Vermont Sen. Bernie Sanders' upcoming single-payer health care legislation just gained another backer. California Sen. Kamala Harris will co-sponsor the Medicare-For-All bill, she announced on Wednesday at a town hall in Oakland. Harris stands among other high-profile Sens. Elizabeth Warren, Kirsten Gillibrand, and Corey Booker who support a single payer system, but Harris is the first senator to publicly support Sanders's current proposal, which is planned for an early September release.
In the proposed legislation, Medicare — the federal health insurance plan that covers all Americans over 65 — would be extended to all residents. A single-payer health care system, where the government covers all residents under a tax-funded health insurance plan, is one of the various ways to achieve universal healthcare. This differs from how the Obamacare system works. Obamacare, nickname for the Affordable Care Act, broadens previous government-mandated coverage, but does not provide universal healthcare. Furthermore, it doesn't operate as an equal access, single payer health care system. Obamacare coverage, which targets people who don't get insurance through an employer, is divided into four tiers based on how much you can afford.
In the lead-up to the 2016 primaries, Hillary Clinton criticized Sanders's health care plan and overall, leftists and centrists within the Democratic Party disagree on the Medicare-for-all concept. But the idea has gained momentum among Democrats in Congress since the election and Obamacare repeal scare.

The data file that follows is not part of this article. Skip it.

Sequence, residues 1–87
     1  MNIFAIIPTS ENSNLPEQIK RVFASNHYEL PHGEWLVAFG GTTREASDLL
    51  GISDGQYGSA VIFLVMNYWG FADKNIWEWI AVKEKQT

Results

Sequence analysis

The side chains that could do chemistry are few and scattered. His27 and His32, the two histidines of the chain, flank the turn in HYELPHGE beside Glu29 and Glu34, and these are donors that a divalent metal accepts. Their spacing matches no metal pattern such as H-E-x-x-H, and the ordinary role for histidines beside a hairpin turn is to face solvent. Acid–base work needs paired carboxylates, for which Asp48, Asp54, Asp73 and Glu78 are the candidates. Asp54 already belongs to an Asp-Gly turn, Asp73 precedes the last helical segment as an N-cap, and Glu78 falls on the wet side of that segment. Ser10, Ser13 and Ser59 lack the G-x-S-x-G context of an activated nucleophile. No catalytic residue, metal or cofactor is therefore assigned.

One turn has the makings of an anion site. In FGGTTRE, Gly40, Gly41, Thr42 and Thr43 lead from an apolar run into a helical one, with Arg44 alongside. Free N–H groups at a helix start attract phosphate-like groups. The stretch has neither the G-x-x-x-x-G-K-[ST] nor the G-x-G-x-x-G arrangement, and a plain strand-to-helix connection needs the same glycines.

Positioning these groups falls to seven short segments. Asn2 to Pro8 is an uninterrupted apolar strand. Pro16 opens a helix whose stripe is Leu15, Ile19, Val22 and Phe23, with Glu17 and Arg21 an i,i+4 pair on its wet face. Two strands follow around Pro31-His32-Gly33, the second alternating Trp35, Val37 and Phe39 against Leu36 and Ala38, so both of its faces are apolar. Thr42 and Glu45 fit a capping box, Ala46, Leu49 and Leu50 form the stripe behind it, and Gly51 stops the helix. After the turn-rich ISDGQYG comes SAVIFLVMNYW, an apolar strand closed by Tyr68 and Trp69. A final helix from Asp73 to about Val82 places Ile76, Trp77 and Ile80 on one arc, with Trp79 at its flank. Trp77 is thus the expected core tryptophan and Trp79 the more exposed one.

Despite growing support, the Democratic Party remains far from united on the issue. Party Leader Sen. Chuck Schumer told ABC News that single-payer health insurance is on the table, but has not voiced an opinion on Sanders' bill. And in an exchange with Vox reporter Jeff Stein, Sen. Ben Cardin said properly tending to Obamacare could lower the number of people uninsured and that a centrist approach is a better strategy to winning broader support.
Health care is the leading cause of bankruptcy in the United States and while Democrats disagree with how to improve the health care system, they do agree that it must be improved somehow — by either expanding Obamacare or detailing a new plan.
If legislation were to pass, the United States would be one significant step closer to joining Canada, Argentina, Japan, and virtually all of Europe on the list of countries that have universal health care. It's unlikely to happen anytime soon, however. With the Republican Party controlling both chambers of Congress, in addition to mixed support from the Democratic Party, the single-payer health care program has little chance to become law.